RVC man rewarded for hard work

Joseph Forte earns William B. Joslin Outstanding Performance Award


Rockville Centre resident Joseph Forte, who was diagnosed with a developmental disability as a young boy, was recently honored as a recipient of the William B. Joslin Outstanding Performance Award, granted to 58 hardworking people this year by the New York State Industries for the Disabled.

“Oh man, I was happy,” he said excitedly about finding out he had earned the award, beginning to laugh.

The NYSID — with a mission of advancing employment and other opportunities for people with disabilities — has recognized 700 individuals, each with a unique story, with the distinction since 2004.

Forte, 72, who has worked as a custodian for the New York State Department of Labor’s Hicksville Career Center since 2009, was born and raised in the Bronx, and moved to Uniondale in his late teenage years. Preferring to work with his hands, he sought support from AHRC Nassau — formerly the Association for the Help of Retarded Children — a nonprofit that, through its workforce division in Freeport, offers pre-vocational services to teach people job-related skills through local volunteer work and then through supported employment.

After years of working various jobs, he sought help from AHRC Nassau, and, about 10 years ago, began working on the production floor of the organization’s Freeport workshop.

He collaborated with an employment training specialist and landed his dream job at the DOL, where he cleans the restrooms and refills the paper towel and soap dispensers. “I like the people here,” Forte said. “Lots of friends!”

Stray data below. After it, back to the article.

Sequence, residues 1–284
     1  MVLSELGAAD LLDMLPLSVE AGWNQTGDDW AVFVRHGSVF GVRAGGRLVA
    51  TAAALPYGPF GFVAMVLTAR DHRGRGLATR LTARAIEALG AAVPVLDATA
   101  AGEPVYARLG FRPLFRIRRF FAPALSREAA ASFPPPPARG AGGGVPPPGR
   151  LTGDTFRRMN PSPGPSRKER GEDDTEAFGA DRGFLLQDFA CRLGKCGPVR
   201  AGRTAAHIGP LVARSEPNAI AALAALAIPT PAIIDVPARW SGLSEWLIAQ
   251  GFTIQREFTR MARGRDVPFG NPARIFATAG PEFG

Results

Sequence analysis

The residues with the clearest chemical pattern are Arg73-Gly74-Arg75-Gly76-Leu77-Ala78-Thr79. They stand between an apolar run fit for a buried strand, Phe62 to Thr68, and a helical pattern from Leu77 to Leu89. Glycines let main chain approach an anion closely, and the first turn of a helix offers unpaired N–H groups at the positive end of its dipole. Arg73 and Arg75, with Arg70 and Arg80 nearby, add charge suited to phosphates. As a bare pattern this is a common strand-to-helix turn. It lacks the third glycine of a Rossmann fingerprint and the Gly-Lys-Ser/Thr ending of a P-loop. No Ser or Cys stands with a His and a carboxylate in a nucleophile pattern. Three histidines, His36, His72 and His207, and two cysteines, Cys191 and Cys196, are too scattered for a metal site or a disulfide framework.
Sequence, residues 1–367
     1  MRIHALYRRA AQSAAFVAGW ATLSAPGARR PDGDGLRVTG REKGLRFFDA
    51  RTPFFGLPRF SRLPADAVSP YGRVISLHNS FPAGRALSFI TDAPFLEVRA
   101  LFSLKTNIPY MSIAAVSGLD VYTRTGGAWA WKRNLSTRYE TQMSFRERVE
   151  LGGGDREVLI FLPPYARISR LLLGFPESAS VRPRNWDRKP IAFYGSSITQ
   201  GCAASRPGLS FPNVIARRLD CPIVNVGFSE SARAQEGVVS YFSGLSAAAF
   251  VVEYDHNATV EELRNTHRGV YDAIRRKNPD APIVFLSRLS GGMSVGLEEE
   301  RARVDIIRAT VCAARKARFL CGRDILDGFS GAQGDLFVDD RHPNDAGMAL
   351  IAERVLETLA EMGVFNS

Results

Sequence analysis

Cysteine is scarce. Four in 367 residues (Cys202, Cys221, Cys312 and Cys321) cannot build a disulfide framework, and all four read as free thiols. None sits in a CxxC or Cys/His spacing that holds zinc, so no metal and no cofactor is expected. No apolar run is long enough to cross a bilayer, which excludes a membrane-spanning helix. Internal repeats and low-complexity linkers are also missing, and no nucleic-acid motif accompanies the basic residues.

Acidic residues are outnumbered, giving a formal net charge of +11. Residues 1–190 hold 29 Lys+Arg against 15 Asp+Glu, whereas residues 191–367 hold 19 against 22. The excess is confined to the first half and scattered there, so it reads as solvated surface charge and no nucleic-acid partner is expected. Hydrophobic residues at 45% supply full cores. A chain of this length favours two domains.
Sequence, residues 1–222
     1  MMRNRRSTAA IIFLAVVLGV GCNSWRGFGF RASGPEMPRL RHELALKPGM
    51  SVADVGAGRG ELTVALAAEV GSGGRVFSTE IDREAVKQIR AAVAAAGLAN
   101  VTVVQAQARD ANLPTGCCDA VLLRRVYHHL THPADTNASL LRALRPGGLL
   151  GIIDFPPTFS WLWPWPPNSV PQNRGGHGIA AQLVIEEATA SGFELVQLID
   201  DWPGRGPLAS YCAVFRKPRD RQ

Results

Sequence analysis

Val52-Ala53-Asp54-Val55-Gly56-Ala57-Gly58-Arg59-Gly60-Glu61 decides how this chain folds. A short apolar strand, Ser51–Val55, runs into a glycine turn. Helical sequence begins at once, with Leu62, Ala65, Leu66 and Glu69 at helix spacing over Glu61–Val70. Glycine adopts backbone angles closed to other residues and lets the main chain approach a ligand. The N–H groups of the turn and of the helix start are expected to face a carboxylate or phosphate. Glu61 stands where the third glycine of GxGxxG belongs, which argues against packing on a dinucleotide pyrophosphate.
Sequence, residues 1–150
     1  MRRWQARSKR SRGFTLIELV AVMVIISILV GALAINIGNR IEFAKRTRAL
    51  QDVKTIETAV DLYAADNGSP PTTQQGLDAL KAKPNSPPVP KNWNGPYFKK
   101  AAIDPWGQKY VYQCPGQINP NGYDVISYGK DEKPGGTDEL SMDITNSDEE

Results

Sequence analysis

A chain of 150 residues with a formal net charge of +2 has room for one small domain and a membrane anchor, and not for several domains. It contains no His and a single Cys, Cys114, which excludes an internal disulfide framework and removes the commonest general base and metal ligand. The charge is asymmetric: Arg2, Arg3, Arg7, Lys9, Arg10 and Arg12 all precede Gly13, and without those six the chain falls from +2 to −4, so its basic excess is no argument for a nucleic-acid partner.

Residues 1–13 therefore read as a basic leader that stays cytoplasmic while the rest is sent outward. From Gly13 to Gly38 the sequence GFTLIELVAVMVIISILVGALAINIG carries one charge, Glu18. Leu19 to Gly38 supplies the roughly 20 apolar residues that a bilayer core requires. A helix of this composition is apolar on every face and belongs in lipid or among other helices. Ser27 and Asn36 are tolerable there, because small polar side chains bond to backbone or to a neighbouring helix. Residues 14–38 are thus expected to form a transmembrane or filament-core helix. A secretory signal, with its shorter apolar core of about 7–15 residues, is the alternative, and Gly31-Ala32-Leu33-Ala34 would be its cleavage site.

“Joe does a good job in maintaining the cleanliness of the office,” said May-Whei Lin, employment services manager for the New York State Department of Labor. “He loves his job and is always very cheerful when he reports to work every day. Joe is friendly and renders his help when we need assistance in the building. Joe is well-liked by the people at the career center and it is a pleasure to see him every day.”

AHRC Nassau has given Forte stability in his life, according to his co-workers, in more ways than one. In addition to loving his job, Forte met Kerry Cunningham at the organization’s family picnic. The two got married in 2010 and live together in Rockville Centre.

Cunningham, who works for AHRC’s Café 230, which prepares food for executive events and daily Meals on Wheels deliveries to local seniors, said she was happy to hear about her husband being honored. “I was like, ‘Whoa, good for you; you go, Joe!’” she said. “He was absolutely thrilled … and I was proud of him.”

Cunningham added, “Joe would give you the shirt off his back. That’s how good-hearted my husband is.”

Geralyn Greco, an employment training specialist who has worked with Forte for the last year, said he creates crafts at work and hands them out as gifts. “He likes to stay focused and help others through his work, but also truly cares about the people in his life, both inside and outside the office,” Greco said. “… I always look forward to seeing Joe. His positive attitude is infectious.”

AHRC Nassau is part of a family of organizations, including AHRC Foundation, Citizens Options Unlimited and Brookville Center for Children’s Services, which offers lifelong support to more than 4,000 people.

“We’re proud of the work produced, but also believe that greater equality and inclusion for people with intellectual and developmental disabilities requires greater presence out in the community,” said Justin Dantzler, director of business and employment development at AHRC Nassau. “It’s there that the idea of disability fades and becomes what is should be — people sharing a common work experience.”